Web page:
Praise should follow the same formula, provided that the outcome was acceptable.  “Choosing to prioritize recalculation of the sales data over compiling the data into charts allowed us to catch a number of mistakes that we would not have otherwise.” Keep both praise and criticism impersonal! The objective of evaluating your coworker’s work is not to quantify their worth as a human being or “human resource” but rather to identify where their individual decisions were compatible with the objective of the team. Accept their choices as compartmentalized pieces on a per-project basis, then look for trends later on if you’re inclined.

Tone and body language are critical to giving and receiving praise and criticism, too. Because of how uncomfortable people are discussing deviations from expected priorities,  defensive body posture and clinical prescriptive tone occur very frequently on both sides of the table when evaluation time comes around. Making a conscious effort to avoid these harbingers of poor communication is absolutely essential! People will detect defensive or vulnerable body language and tone and mirror it when they piece together that criticism is inbound.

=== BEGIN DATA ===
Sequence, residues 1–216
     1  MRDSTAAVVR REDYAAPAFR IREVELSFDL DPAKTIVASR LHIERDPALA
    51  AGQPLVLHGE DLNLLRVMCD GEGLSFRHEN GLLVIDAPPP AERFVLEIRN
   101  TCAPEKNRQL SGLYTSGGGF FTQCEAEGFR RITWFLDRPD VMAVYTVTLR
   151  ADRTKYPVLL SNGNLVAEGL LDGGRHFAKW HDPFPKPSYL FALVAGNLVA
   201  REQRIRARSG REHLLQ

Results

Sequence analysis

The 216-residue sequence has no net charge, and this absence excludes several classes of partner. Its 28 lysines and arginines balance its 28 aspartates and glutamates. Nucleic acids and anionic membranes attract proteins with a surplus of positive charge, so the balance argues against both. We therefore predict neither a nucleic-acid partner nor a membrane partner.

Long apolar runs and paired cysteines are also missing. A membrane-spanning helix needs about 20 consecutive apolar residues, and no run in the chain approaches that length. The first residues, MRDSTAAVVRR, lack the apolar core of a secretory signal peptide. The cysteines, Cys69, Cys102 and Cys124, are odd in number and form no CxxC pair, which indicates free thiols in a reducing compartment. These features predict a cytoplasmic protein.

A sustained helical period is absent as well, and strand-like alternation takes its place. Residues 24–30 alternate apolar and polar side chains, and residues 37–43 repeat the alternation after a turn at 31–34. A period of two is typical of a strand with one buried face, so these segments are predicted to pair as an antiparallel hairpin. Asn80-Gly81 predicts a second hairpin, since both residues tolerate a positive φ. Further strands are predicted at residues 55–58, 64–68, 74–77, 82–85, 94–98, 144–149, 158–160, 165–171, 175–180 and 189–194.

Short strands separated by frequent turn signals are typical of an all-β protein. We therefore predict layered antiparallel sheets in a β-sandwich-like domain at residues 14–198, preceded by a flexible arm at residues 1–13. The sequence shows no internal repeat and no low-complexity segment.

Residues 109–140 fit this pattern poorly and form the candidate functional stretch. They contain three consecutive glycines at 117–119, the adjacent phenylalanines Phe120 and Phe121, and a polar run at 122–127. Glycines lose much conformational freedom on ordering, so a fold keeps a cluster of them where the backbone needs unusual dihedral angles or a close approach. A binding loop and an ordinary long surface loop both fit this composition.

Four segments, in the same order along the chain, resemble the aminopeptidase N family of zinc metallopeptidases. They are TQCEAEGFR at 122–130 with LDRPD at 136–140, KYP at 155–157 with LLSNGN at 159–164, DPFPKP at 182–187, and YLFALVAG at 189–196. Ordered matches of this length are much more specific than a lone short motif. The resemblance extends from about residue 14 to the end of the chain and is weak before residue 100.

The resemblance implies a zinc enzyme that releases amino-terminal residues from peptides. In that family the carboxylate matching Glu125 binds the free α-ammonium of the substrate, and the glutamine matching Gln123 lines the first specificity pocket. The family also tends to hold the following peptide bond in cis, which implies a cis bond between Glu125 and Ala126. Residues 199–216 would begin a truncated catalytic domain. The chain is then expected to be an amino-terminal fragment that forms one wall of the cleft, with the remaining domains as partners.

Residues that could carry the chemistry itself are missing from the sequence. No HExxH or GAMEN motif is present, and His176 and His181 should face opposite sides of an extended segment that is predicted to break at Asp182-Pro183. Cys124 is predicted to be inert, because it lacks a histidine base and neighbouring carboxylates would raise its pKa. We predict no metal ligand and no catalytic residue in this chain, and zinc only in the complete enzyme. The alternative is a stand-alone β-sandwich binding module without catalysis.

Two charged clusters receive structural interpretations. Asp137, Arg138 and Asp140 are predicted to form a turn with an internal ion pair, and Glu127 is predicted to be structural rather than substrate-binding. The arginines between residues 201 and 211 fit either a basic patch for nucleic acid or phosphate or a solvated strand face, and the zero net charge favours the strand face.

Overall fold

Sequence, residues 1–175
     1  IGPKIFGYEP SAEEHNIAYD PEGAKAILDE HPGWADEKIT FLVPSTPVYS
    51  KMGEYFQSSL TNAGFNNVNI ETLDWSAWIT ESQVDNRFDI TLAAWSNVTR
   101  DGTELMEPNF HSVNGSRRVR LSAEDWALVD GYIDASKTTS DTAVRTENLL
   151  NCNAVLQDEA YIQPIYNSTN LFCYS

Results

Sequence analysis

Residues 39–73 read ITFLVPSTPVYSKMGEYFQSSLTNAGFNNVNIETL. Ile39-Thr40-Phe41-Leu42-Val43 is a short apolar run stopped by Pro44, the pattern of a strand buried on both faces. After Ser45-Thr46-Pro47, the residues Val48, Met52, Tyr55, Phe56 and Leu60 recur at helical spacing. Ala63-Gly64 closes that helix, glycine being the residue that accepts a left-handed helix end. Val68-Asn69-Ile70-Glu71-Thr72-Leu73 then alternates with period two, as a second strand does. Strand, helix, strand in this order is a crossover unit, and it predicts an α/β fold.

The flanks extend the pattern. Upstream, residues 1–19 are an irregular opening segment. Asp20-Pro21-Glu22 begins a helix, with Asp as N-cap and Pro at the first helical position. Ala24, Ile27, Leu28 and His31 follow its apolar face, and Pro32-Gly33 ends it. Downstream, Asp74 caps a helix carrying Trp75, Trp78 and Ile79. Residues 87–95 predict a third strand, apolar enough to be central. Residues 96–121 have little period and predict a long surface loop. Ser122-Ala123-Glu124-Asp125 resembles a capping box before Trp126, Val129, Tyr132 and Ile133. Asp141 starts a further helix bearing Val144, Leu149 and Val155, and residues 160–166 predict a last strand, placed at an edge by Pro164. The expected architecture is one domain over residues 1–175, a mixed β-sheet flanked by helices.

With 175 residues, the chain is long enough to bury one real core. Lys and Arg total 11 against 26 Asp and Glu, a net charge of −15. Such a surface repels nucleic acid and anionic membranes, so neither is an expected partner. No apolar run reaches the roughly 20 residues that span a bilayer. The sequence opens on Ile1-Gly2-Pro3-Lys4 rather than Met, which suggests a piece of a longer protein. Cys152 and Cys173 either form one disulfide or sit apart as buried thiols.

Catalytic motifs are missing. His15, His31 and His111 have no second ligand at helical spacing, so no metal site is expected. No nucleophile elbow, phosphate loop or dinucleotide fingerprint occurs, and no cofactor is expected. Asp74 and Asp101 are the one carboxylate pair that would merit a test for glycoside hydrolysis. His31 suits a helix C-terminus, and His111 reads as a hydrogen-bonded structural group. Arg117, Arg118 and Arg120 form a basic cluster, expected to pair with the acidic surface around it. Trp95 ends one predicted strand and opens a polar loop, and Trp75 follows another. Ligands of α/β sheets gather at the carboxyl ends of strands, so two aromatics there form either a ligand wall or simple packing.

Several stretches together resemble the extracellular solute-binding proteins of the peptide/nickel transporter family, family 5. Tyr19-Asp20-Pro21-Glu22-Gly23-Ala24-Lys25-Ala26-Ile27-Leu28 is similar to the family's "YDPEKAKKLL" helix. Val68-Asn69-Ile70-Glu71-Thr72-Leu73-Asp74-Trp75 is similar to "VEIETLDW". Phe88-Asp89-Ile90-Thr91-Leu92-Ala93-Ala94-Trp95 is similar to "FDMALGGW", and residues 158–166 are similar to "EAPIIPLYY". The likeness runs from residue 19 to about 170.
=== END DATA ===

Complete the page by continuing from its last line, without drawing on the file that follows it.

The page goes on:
Instead, opt for open body language. Signalling warmth and having a benign disposition helps to prevent the other person from clamming up into a defensive posture and allows for praise and criticism to be fully analyzed without emotion. Tone of voice is a bit harder to remember to regulate, but should be carefully considered as well.

Praise should be delivered with a positive and serious tone– adopting a nurturing or parental voice is the most common mistake here. Workplace praise is not the same type of communication as praising your dog for returning its toy or your child for a good report card; workplace praise is clear-sighted objective recognition of successful individual task reprioritization. Praise for a good outcome is not personal, and shouldn’t be confounded by a friendly office relationship.

Criticism should also be delivered with a (slightly less) positive and serious tone. Remember, the purpose here is not to tear the other person down, or talk down to them, but rather to show them that their priorities caused outcomes that were not consistent with the team’s original purpose. Criticism should be delivered at normal speaking volume, and abstracted far away from any frustration you may feel.

A frustrated tone from you will cause the other person to grow defensive, and the maximum positive impact of criticism will not be achieved. A tone of simpering or crestfallen disappointment when delivering criticism will not do: personal emotions or discomfort are not relevant to the discussion of expected priorities and outcomes. Emphasize hope for the future, and move the discussion toward steps for next time around.

I hope you guys enjoyed this piece; I know that I struggle quite a bit with giving and accepting praise, so this article was enlightening for me to think through. Follow me on Twitter @cryoshon and be sure to check out my Patreon page if you like the stuff I’m writing!